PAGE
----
heard last night

Lipstadt: Sunrise DC move to boycott Jewish groups an ‘overtly antisemitic act’

The Holocaust historian, who is awaiting Senate confirmation to be the next State Department antisemitism envoy, spoke at a virtual event organized by the Combined Jewish Philanthropies

Elisabetta A. Villa/WireImage

Deborah Lipstadt walks a red carpet for 'Denial' during the 11th Rome Film Festival at Auditorium Parco Della Musica on October 17, 2016 in Rome, Italy.

Deborah Lipstadt, the Biden administration’s nominee to be the State Department special envoy to monitor and combat antisemitism, discussed her nomination, the recent antisemitism controversy involving the Sunrise Movement’s D.C. chapter and her approach to and concerns about modern antisemitism at an event on Monday night.

The historian and Emory University professor addressed a virtual audience from the Combined Jewish Philanthropies of Greater Boston. Her participation in that event was a somewhat unusual move for a nominee awaiting Senate confirmation, but offered clues as to how she might tackle the position if confirmed.

Lipstadt addressed a recent statement from the D.C. chapter of the climate activist organization Sunrise Movement, in which the group announced it would not collaborate on voting rights issues with several pro-Israel Jewish groups.

“It was an overtly antisemitic act,” Lipstadt said. “If you support the existence of the state of Israel according to this, then you are a racist… What it is saying is that, ‘You Jews, as a people, you do not have a right to a national identity.’”

She noted that the group did not have the same objections to non-Jewish groups that also support Israel, like the American Federation of Teachers.

Lipstadt also drew a distinction between the Boycott, Divestment and Sanctions movement at large and individual supporters of BDS, particularly students on college campuses who she said may have “backed into antisemitism.”

“Young people on campuses who support BDS because they see it as a way of changing Israel’s policies, I don’t label them as antisemitic. I think they’re wrong. I think it’s a mistake,” she said. “But if you look at the founding documents of the BDS movement, you see an effort to destroy the state of Israel. There’s no question about it. That I find antisemitic.”

The historian named both Hungarian Prime Minister Victor Orban — pointing specifically to his attacks on Hungarian-born philanthropist George Soros — and former British Labour Party Leader Jeremy Corbyn as purveyors of antisemitism, from the right and left sides of the political spectrum.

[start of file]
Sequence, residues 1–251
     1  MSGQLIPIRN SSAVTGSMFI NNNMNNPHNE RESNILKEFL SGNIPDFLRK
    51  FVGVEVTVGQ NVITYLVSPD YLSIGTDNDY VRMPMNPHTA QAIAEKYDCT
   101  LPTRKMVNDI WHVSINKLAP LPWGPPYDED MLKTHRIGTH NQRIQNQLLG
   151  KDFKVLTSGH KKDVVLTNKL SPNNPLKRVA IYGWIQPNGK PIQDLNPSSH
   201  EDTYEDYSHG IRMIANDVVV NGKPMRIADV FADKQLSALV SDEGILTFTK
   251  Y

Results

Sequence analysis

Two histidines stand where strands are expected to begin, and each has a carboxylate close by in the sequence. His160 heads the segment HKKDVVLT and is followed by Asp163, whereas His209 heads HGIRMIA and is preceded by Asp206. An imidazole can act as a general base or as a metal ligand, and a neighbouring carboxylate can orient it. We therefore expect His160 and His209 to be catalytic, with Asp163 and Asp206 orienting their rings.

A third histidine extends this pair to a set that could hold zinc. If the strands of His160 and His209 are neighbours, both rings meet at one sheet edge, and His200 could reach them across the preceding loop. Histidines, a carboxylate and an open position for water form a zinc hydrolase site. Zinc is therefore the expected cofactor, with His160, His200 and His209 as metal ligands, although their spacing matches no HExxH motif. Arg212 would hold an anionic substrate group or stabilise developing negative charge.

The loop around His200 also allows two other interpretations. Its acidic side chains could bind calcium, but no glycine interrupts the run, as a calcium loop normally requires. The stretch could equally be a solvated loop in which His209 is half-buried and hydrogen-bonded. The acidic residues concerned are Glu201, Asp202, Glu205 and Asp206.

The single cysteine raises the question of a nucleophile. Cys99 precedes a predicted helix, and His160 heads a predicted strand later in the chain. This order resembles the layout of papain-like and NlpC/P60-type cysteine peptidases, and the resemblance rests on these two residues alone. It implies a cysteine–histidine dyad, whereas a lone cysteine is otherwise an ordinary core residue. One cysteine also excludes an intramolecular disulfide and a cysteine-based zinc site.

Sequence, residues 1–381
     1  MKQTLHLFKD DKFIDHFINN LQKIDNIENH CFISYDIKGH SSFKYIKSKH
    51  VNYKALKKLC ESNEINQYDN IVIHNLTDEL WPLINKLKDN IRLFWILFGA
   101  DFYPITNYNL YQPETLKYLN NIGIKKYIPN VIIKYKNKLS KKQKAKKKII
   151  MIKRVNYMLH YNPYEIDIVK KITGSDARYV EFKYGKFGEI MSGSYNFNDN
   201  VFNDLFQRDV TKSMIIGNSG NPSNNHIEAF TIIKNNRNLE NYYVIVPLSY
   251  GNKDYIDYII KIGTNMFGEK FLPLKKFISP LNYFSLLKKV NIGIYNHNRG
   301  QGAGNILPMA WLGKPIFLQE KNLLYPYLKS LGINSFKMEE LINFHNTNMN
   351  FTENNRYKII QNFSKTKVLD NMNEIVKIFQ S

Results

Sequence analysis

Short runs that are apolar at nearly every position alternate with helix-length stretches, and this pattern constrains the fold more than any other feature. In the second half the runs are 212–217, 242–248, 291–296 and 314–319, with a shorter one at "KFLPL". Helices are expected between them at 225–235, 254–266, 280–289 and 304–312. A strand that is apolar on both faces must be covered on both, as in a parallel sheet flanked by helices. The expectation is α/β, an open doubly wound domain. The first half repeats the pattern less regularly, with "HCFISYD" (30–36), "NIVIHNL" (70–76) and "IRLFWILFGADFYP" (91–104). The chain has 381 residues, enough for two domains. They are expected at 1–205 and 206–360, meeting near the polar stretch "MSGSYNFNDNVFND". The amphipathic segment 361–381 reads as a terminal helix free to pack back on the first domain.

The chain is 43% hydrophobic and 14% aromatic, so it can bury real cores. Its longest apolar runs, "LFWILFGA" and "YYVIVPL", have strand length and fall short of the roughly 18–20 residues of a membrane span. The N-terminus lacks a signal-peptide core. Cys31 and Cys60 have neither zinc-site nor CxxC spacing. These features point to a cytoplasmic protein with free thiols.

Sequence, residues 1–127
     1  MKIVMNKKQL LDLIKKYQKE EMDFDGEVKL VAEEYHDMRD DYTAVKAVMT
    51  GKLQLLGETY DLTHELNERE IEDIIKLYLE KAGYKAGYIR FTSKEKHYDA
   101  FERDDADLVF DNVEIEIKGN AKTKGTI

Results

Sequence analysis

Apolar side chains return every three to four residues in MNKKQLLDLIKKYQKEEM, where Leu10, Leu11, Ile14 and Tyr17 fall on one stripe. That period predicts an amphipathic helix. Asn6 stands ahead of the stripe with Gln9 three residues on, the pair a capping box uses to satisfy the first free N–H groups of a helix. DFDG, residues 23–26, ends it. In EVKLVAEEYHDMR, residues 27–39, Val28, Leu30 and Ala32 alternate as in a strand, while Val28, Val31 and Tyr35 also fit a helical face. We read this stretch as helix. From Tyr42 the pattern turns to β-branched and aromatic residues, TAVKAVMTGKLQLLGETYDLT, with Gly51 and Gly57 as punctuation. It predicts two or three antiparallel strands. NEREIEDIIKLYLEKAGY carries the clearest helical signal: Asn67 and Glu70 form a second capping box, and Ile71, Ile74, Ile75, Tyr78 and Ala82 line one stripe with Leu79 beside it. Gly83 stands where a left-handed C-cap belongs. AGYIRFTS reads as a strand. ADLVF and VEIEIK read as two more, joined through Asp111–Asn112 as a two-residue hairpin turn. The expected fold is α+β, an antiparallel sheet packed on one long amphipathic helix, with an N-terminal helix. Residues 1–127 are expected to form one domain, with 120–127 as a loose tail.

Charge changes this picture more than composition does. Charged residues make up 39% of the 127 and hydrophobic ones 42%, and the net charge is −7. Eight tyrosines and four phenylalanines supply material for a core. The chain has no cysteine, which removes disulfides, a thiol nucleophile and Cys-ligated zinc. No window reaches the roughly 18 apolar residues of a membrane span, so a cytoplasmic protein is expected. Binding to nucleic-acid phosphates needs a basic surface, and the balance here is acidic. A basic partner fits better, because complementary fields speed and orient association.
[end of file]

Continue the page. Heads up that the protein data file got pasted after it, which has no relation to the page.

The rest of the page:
“I don’t surprise easily,” she said. “Even I am surprised with the degree of antisemitism and the freedom people feel to express that antisemitism. Something is changing.”

Modern-era antisemitism is distinct from antisemitism in past eras in several ways, Lipstadt explained: social media allows it to spread much more widely; it is “coming from numerous places at the same time” and “certain social barriers… that kept people from saying certain things have fallen.”

Lipstadt noted that Jewish students on college campuses in particular seem to be feeling less and less comfortable expressing both their support for Israel and their faith.

“We have a lot of work to do. We have to be willing to be uncomfortable. Students don’t want to be uncomfortable. Students don’t want to take a lonely stand,” she said. “We’ve got to support them and show them how to deal with [debates about Israel] in a nuanced way and not in a ‘we’re always right’ kind of way.”

Lipstadt said she started regularly wearing a Jewish star a year and a half ago “because I didn’t want to pass [as non-Jewish]. I wanted to say who I was… I’m afraid there are too many people wanting to pass because it’s difficult [to be Jewish.] It’s a painful fight to be in. But we have fought more painful fights.”

But, she added, she does not want Jews to “feel strong in their Jewish identity because of antisemitism,” pointing to an incident in which a student told her he began wearing a kippah as a response to growing antisemitism.

“On the one hand I love his moxie or what we might call chutzpah,” she said. “On the other hand, my heart broke a little bit. Because I would want him… to want to be drawn to [his] tradition, [his] culture because it has so much to give to the world… It’s not just what we’re against. It’s what we’re for.”

Lipstadt said she’s been asked why, given her tenured position at Emory, she decided to take up the role, and that initially she did not want to be considered.

“I wasn’t going to let my name be put in the hat, but someone said to me, ‘Deborah, you can make a difference,’” she recalled at the event. “And I can think of no better thing to aim at being able to do. I won’t solve the problem, no one person can solve the problem. But if I can make a difference… dayenu, it will be enough.”

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